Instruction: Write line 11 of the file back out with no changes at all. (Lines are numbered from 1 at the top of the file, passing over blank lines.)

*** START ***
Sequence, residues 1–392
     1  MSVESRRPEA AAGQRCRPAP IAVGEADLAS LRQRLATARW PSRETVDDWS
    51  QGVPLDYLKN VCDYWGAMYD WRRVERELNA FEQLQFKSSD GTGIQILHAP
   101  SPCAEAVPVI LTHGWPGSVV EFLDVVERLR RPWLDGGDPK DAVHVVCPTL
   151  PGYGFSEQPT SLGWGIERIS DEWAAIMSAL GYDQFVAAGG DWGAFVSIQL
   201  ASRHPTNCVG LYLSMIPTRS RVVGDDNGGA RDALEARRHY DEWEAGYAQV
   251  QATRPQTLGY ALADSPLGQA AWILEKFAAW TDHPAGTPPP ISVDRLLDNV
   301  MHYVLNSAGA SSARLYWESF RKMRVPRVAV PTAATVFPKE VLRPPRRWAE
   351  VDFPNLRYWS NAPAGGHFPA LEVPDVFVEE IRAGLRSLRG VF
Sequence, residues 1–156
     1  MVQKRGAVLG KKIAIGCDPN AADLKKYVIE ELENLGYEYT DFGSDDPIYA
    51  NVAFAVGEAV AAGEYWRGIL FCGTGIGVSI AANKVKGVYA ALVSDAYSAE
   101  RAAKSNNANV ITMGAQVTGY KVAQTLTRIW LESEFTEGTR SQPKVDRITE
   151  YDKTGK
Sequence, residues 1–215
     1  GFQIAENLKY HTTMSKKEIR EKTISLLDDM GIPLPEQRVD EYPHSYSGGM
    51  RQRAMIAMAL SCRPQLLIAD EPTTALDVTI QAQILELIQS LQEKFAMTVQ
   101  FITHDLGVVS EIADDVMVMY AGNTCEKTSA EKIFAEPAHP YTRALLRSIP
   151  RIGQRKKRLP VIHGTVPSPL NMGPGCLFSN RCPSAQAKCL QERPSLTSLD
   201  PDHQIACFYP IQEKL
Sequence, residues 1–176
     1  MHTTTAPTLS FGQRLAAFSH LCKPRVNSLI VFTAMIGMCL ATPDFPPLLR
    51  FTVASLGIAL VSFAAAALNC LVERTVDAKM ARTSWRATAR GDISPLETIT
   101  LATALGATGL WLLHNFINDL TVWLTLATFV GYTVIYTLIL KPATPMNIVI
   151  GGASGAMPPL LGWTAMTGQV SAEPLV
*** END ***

     1  MVQKRGAVLG KKIAIGCDPN AADLKKYVIE ELENLGYEYT DFGSDDPIYA